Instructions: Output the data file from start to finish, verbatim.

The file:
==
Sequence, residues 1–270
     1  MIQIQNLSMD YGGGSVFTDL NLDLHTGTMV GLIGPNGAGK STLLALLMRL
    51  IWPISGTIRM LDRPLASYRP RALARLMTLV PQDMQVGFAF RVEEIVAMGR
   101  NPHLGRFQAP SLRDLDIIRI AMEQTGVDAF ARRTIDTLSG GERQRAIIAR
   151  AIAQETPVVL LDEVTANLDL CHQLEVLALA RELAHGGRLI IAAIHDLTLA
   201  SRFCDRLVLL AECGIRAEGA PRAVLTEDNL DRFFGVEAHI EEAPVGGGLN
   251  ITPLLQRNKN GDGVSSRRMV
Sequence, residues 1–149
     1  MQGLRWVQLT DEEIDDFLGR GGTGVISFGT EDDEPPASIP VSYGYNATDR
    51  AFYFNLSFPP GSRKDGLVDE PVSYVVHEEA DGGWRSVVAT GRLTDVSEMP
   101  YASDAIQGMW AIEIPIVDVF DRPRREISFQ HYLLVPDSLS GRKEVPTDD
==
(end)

Sequence, residues 1–270
     1  MIQIQNLSMD YGGGSVFTDL NLDLHTGTMV GLIGPNGAGK STLLALLMRL
    51  IWPISGTIRM LDRPLASYRP RALARLMTLV PQDMQVGFAF RVEEIVAMGR
   101  NPHLGRFQAP SLRDLDIIRI AMEQTGVDAF ARRTIDTLSG GERQRAIIAR
   151  AIAQETPVVL LDEVTANLDL CHQLEVLALA RELAHGGRLI IAAIHDLTLA
   201  SRFCDRLVLL AECGIRAEGA PRAVLTEDNL DRFFGVEAHI EEAPVGGGLN
   251  ITPLLQRNKN GDGVSSRRMV
Sequence, residues 1–149
     1  MQGLRWVQLT DEEIDDFLGR GGTGVISFGT EDDEPPASIP VSYGYNATDR
    51  AFYFNLSFPP GSRKDGLVDE PVSYVVHEEA DGGWRSVVAT GRLTDVSEMP
   101  YASDAIQGMW AIEIPIVDVF DRPRREISFQ HYLLVPDSLS GRKEVPTDD